Having a life purpose contributes to your wellbeing and performance

Mr Damian Panozza

A clear and strong link to your life purpose helps to build your wellbeing and aids with performance in a number of ways. Many sources can derive purpose, including stemming from humanity (humanistic), from God (religious or spiritual), from being (existential) or from life (self-transcendent). In addition to purpose contributing a general positive effect toward increased wellbeing, it also has a specific positive impact on building adaptability intelligence (AQ) in several aspects.

Firstly, purpose contributes to increased resilience. Our view of resilience is that it is a process, not something that you either have or do not. As such, we term it Refocussed Resilience, and define it as ‘The capacity to quickly recover or bounce back from setbacks (life’s difficulties/adversity)’. The psychological mechanism for bouncing back from setbacks is by reframing them by referencing against a strong connection with purpose. Setbacks diminish in perspective when viewed against a long-term life or career goal.

Additionally, through a strong link with purpose one builds a higher Tolerance to Failure that we define as ‘The capacity to endure making mistakes, or being disappointed about not achieving an intended goal, and to see such things as opportunity’. Reframing disappointments or mistakes as opportunities is achieved by referencing against purpose and allows a person to bounce back quickly, viewing failure as merely an opportunity to learn and not as an absolute.

Victor Frankl, a psychiatrist who survived the WW2 Nazi concentration camps, wrote about the importance that purpose has on human motivation and wellbeing in his highly acclaimed book ‘Man’s Search for Meaning’. Victor observed that having a life purpose was a notable difference between those who survived the holocaust and many who gave up and perished. After the war, Victor built on previous works of Freud and Adler to develop a successful therapeutic approach to overcoming depression and suicidal thoughts which he called ‘Logotherapy’, that based its approach on realising meaning in life.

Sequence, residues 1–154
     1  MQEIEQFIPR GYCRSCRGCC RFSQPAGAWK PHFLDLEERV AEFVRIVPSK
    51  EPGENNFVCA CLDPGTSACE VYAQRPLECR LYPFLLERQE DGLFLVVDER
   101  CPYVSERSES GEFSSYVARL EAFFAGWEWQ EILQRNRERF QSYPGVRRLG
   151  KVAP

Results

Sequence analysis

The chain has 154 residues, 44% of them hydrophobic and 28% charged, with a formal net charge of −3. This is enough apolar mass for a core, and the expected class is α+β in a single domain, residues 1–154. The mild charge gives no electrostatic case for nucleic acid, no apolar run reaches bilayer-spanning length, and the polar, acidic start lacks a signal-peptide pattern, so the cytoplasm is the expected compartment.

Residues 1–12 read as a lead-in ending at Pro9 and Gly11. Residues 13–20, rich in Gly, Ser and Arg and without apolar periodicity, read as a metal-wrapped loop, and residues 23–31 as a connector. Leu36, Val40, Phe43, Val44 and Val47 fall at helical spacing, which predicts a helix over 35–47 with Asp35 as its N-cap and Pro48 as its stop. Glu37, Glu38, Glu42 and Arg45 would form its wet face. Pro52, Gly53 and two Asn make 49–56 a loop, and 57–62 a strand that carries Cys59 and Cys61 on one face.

There are many ways to identify your life’s purpose, and each requires self-searching:

  1. Journaling: Asking yourself the question why am I doing this and journaling the answers is a good way to learn about your motivations. Each time you arrive at a different answer, then ask yourself and why is that important to me. Eventually, you arrive at a higher-level life purpose.
  2. Practising Meditation allows a person to find stillness and quiet in their mind. It is in those moments that inspiration from your unconscious is heard by the conscious mind.
  3. The practice of Ikigai is a Japanese tradition that roughly translates to living a life that is valuable. You can find your purpose by considering and combining the answers to these four questions; 1) What do I love doing, 2) What does the world need, 3) What will the world pay for, and 4) What am I good at.

This is the third in our series on AQ, read part 1 and 2 below.

AQ, the secret ingredient to collaboration
Leadership and Adaptability Quotient (AQ): Moving from EQ to AQ

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